The air is crisp, cold weather
that you can sink your teeth into.
It's midwinter with a brief break
between rainy weather fronts.
My fat limping dog and I have
got to get out of the house and
find some wildness.
He lets me know of his happiness
and I ignore his comment about hypocrites
as I put his leash on and
he drags me down the trail.
"How will we ever find wildness
under these conditions?"
he barks at me.
"Maybe this time boss?
Maybe this time you will let go?"
We walk down the trail by
the storm swollen stream and
hear the same question posed in the air.
The storm stream tries hard to break free
and wreck havoc, but,
the well engineered cement banks
give it nothing to grab hold of and it
careens on past to the sea, harmlessly.
The river's only hope to spread wildness
is another storm to raise its banks.
The grass above the banks is all of a kind,
easily mowed, and no threat to the asphalt
path we walk.
There is some hope of wildness
in the windblown debris
left over from the storm.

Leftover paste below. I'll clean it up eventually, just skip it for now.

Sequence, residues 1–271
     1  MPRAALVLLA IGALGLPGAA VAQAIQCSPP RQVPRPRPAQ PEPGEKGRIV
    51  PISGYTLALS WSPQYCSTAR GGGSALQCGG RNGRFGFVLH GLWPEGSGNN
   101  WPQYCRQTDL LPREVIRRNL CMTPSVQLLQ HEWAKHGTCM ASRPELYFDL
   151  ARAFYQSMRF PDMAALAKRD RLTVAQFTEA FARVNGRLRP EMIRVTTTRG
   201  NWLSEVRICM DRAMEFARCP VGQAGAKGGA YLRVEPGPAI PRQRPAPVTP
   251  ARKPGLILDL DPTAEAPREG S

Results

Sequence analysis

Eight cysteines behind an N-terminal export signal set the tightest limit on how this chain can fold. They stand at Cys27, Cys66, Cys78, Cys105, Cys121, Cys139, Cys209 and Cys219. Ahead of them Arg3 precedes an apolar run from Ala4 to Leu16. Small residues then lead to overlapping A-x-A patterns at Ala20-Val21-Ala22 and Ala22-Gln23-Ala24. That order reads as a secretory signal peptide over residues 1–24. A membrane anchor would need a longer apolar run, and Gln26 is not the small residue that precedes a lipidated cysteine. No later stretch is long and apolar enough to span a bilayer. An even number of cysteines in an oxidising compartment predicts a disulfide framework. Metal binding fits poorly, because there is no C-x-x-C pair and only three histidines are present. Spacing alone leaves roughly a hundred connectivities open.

Perhaps seeds of a hardier folk
will move in among the grasses and
the perfect line of trees
that border the trail.
Such strangers will have to hide
and take cover before the caretakers
of the trail arrive tomorrow.
They will efficiently find all wildness
from the storm and make sure that
it is all discarded and hauled to the dump.
Perhaps I am looking for nature
in all the wrong places.
Here it has been collared and leashed
and rendered docile.
Still it fights back.
My hopeful dog directs my attention to the stream
and points to an otter that sinks when I look.
"Maybe this time, boss?" he implores.
Overhead, three noisy geese, free as you please,
as insolent as if they were twenty,
announce their imminent landing
at the county water control pond.
Not all of us are on a leash yet.